They came from far and near, those intrepid Baguazhang people did. (be sure to do your best Yoda voice when reading that sentence) On Saturday, July 14 the students from all the Ontario Nine Dragon Baguazhang schools assembled at the Toronto school for an event that is becoming a staple of their learning process – the workshop series called “The Basics of the Basics”. I started these sessions a couple of years ago and only offer them a few times a year. They started out with a simple idea. I would select an aspect or principle of our Bagua and focus on it at length on a Saturday afternoon. We have done workshops on Sung, the Ridgepole, Quiet Sitting, and stepping. Each workshop turns out to be more fun than the last one and the skill level of the participants is noticeably improved in subsequent classes.
This time, we looked at the preliminary work of Jiulong Bagua Push Hands and that quintessential Baguazhang exercise, Circle Walking. There are many new students in our schools and this combination of practices seemed like the right combination to help them start to move with that distinctive “Bagua” flavour. The push hands game we worked on is called Willow Bends and involves simply standing face to face with a partner, both in a horse stance, and attempt to push one’s partner over while avoiding being pushed yourself. Now this seems like a pretty straight forward idea right? Just push fast and hard before your partner does and you will win the game. Ah, but that is not the point of the game. It is to start to learn how to feel the forces involved in being pushed, and how to use one’s entire body to neutralize the incoming force. At the same time, one is to unbalance your partner without losing one’s own balance.
This game has many levels to it and helps develop many skills that are later used in more elaborate combat games. For example, there is the “rooting” skill inherent in the internal arts. This comes in very handy in the Willow Bends game since it allows one to remain relaxed while moving, yet being able to absorb and discharge power. One can practice the game solely to work on one’s root. Later, the focus of the game can be changed to work on improving the alignment of the spine to better control one’s balance. What is so cool about this game is that you can choose which skill you want to work on, ask your partner to play at a pace that allows for that skill to be sensed and developed, and later ask to play more vigorously to see if the skill development phase has improved one’s overall ability.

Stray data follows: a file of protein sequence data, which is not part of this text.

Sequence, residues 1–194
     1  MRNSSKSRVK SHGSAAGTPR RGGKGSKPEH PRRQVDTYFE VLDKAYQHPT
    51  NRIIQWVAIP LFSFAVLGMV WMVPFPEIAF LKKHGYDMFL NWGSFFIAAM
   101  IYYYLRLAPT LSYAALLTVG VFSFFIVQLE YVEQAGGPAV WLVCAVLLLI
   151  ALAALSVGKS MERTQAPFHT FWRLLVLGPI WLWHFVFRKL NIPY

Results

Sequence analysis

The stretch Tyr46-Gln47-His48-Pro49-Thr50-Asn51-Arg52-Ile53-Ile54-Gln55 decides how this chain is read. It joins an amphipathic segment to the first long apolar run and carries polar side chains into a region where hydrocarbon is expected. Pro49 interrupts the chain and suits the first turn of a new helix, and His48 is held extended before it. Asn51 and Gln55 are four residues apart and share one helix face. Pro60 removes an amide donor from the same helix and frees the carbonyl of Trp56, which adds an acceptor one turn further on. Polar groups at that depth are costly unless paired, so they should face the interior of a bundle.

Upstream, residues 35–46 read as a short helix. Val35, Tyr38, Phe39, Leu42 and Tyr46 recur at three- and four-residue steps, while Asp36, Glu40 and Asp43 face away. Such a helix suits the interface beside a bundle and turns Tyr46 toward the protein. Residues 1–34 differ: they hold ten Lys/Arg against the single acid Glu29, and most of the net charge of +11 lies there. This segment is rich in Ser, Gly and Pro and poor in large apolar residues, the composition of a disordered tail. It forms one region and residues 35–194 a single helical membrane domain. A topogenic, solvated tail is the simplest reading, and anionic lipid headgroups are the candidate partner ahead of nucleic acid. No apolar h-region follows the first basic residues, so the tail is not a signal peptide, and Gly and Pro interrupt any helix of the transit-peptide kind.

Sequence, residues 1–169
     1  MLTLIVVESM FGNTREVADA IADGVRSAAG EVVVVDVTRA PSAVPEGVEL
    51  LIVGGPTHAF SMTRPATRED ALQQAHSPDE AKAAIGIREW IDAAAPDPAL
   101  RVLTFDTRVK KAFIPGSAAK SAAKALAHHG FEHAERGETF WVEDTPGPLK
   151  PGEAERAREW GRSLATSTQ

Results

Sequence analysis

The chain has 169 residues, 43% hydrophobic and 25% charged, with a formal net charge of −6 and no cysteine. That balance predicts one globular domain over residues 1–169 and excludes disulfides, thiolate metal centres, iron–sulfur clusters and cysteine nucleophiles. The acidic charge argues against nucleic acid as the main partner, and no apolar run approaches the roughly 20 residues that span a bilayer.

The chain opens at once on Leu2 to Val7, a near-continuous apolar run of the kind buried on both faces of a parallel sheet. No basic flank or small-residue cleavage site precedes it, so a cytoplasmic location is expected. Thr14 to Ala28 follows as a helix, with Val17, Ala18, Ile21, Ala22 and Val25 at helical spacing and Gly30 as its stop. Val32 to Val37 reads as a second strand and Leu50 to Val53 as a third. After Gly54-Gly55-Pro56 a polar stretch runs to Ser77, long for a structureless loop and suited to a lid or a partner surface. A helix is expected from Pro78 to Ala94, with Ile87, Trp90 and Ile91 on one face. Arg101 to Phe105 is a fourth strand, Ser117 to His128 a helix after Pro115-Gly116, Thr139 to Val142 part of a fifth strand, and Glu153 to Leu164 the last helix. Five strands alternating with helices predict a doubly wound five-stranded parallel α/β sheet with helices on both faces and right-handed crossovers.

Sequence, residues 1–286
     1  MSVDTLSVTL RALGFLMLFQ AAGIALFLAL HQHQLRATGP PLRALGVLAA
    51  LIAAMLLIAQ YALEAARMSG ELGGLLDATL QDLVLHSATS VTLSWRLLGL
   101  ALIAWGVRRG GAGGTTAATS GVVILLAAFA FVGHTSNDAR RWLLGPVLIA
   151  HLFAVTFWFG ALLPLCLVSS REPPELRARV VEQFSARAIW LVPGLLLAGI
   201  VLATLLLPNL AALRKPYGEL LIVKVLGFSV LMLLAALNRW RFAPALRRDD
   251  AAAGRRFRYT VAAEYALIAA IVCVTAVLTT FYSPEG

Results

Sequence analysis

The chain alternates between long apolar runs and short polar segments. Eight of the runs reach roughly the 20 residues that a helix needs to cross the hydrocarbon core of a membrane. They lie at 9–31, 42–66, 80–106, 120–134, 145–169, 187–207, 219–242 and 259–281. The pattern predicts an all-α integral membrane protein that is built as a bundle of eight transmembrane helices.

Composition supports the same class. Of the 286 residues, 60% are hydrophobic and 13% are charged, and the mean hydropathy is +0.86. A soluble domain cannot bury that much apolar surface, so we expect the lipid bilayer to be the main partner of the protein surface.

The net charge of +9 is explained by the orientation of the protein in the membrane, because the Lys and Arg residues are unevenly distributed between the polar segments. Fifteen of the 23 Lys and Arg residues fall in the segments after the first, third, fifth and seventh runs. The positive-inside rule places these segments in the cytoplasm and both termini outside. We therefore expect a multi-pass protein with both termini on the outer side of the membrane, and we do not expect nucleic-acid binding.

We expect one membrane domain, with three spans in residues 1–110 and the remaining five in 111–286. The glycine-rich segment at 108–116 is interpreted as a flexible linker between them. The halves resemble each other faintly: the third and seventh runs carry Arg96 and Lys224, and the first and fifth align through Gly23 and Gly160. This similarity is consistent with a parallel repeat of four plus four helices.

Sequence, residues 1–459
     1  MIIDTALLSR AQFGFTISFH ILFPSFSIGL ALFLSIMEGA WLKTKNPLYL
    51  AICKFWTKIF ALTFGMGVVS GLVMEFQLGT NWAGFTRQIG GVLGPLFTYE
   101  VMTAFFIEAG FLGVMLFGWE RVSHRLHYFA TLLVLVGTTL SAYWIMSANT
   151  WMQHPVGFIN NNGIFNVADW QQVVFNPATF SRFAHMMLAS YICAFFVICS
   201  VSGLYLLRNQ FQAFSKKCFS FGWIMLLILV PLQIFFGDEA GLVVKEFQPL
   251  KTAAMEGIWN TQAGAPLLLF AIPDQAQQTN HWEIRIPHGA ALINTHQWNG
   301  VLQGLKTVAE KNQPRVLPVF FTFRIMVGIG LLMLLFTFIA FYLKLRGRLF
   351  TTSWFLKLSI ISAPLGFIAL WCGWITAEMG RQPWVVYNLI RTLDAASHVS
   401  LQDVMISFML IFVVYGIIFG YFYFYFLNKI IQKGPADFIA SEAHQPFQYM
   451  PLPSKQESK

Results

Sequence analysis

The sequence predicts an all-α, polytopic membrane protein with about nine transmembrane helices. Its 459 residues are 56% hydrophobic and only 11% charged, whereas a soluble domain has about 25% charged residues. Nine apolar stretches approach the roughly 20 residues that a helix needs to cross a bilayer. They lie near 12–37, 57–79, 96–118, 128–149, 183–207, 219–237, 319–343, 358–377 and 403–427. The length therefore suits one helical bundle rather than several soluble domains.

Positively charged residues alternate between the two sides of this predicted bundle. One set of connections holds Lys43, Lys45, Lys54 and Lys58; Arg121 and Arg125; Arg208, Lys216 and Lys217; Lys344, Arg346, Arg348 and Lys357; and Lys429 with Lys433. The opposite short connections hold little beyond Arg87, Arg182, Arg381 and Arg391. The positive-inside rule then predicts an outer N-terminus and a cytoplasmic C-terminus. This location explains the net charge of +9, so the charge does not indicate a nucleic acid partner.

The spirit of cooperation is very important in this game. I was very pleased to watch the students face each new partner with the senior students saying “Friendship first, competition second” and the junior student replying “I will learn from you”. This creates an atmosphere of friendly learning that is crucial to a good Nine Dragon session. The skills involve the mind, emotions, and body. So one needs to feel safe about making mistakes since these are among the best learning tools.
So they pushed and pulled, laughed and learned. I cannot say enough about these fine people. They come from a variety of backgrounds, some are experienced martial artists while others are new to the practice. Yet they all played together and helped each other learn. I overheard conversations in which one student would say “how come I always get pushed when you turn your body that way?” and the reply would be “let’s slow it down and see if we can figure out how you can respond to my push.” They would indeed slow it down and sort out the dynamics of the push with the result being that it would no longer work as well because the recipient had a new way of moving. Imagine this. The goal of these two people was to learn something together, not to win at all costs. Very impressive!
Towards the end of this portion of the workshop, the students were set in groups of three. This time a person in the middle would be playing the game with the other two. This has the effect of splitting one’s attention and having to rely more on body feeling than conscious choices of movement. This is the bare bones of starting to learn how to deal with multiple opponents. Again, the idea is to learn in a very safe way and slowly build one’s skills.
To say everyone had fun would be an understatement. The laughter and joy felt in the room was very uplifting and is one of the secrets to learning something challenging like Jiulong Baguazhang. If one is enjoying the process, one stays with it longer and reaps the benefits slowly but surely.
In part two I will talk about Circle Walking and how the workshop ended. All I can say at this point is (Yoda again)….. good time, we had.